Player Profile: Anna Jaquiery, author of The Lying Down Room
by Jon Page - April 10th, 2014
Tell us about your latest creation:
It’s a crime novel set in France and the first in a series. The main character is a senior French detective at the Criminal Brigade in Paris. This book opens with an investigation into the murder of an elderly woman. Others will die. The main suspects are two evangelists, a man and a boy, who go door-to-door distributing religious pamphlets. I won’t give the rest away – I hope you’ll read the book!
Where are you from / where do you call home?:
There’s no simple answer to this. My father is Malaysian and my mother is half French, half Spanish. My father was a diplomat and we moved every three years or so. I went to French schools, but only lived in France once I’d turned 17 and enrolled in university. I love Southeast Asia and feel very comfortable there. New Zealand holds a special place in my heart and is possibly the place I would call home, if I had to choose. I spent many happy years there. It’s where I met my husband and where one of our two sons was born.
Yes. For as long as I can remember, I’ve wanted to be a writer. Nothing else.
What do you consider to be your best work? Why?:
This is my first published novel. Hopefully, my best work is yet to come!
Describe your writing environment to us – your writing room, desk, etc.; is it ordered or chaotic?:
I’m not a particularly tidy person but my writing room is reasonably ordered. It’s probably the only room in our house that doesn’t have action figures or pieces of Lego lying around. It’s filled with books and photographs. There are books everywhere in our house, but my favourite books are in this room. I also have lots of photographs here of my two boys. I write next to a window that looks out onto the garden.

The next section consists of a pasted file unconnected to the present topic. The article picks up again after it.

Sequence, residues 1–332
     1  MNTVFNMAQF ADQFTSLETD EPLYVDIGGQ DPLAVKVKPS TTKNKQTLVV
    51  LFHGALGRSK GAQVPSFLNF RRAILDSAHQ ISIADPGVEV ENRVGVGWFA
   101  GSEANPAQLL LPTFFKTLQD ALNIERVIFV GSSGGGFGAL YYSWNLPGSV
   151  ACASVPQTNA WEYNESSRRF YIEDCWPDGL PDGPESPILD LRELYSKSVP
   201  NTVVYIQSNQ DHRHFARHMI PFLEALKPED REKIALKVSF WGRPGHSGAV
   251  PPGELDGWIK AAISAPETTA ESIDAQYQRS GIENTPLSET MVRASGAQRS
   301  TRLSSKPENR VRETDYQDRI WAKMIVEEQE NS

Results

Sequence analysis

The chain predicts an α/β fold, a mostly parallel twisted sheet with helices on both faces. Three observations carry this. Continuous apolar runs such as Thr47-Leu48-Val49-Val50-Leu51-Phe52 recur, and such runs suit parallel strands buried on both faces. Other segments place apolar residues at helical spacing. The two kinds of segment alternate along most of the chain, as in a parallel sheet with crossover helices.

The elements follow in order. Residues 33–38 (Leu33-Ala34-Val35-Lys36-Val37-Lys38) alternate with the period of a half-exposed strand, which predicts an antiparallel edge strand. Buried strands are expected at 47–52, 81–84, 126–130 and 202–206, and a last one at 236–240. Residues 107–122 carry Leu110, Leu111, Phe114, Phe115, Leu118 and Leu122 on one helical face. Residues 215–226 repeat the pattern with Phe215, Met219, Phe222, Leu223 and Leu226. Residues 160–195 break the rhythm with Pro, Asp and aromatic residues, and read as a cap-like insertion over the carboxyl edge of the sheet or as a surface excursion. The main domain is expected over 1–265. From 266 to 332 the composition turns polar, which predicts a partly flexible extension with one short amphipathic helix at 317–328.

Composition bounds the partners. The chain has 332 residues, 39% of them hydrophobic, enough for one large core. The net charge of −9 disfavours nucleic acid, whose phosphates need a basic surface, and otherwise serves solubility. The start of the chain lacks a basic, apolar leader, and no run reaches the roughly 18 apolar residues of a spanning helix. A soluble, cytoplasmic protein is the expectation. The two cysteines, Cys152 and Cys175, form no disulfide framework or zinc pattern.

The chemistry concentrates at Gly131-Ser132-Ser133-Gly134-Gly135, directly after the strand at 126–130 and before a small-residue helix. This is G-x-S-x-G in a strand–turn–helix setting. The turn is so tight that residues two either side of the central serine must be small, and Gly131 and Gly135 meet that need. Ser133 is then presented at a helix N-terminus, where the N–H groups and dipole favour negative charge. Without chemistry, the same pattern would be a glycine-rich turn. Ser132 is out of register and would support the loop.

When you’re not writing, who/what do you like to read?:
I read everything. Lots of crime fiction – Ian Rankin, Denise Mina and Robert Wilson are among my favourites. I also love the books of Salman Rushdie, Ian McEwan, Jhumpa Lahiri, Lionel Shriver, Jonathan Franzen … I could go. Non-fiction authors I like include Patrick French, William Dalrymple, Orlando Figes and the BBC journalist John Simpson.
What was the defining book(s) of your childhood/schooling?:
My earliest memory of reading intensely dates back to when I was a teenager. I devoured books by Jane Austen, F. Scott. Fitzgerald, the Bronte sisters, Henry James, Thomas Hardy …. I remember reading the Alexandria Quartet by Lawrence Durrell and being mesmerized. Reading the Catcher in the Rye was a defining moment. The authors I come back to again and again are Graham Greene, Anton Chekhov and William Trevor.
If you were a literary character, who would you be?:
That’s a difficult one. Maybe Lisbeth Salander in The Girl With the Dragon Tattoo! Not for her asocial and introverted nature, but because of her strength of character. She takes charge of her own destiny. I see her as a moral character. She is a fantastic creation. I absolutely loved the Stieg Larsson trilogy.
Apart from books, what do you do in your spare time (surprise us!)?:
I have two young boys and so family life is what takes up most of my spare time – no surprises there, I’m afraid. I recently went back to university, and I also work with an amazing group of people who provide support to refugee families here in Melbourne.
What is your favourite food and favourite drink?:
My favourite drink has to be red wine and my favourite foods tend to be Asian, be it Vietnamese, Thai or Indian. My parents live in Malaysia and I love going there for visits, because it means I get to eat all my favourite things.
Who is your hero? Why?:
I don’t really have one particular hero. But the people I admire are generally intellectually passionate and engaged with the world. At the moment I am reading a memoir by Penelope Lively called Ammonites & Leaping Fish, in which she reflects on her life. She is eighty and yet so full of life still, and intellectual curiosity. I admire people like Salman Rushdie and the late Christopher Hitchens for their brilliance and for having the courage to speak their mind, even at the risk of offending others.
Crystal ball time – what is the biggest challenge for the future of books and reading?:
The biggest challenge is keeping independent bookstores in business, and libraries open. So that our children and their children will continue to read and to understand the immense value of books – the many ways in which they enrich our minds, our lives and our communities.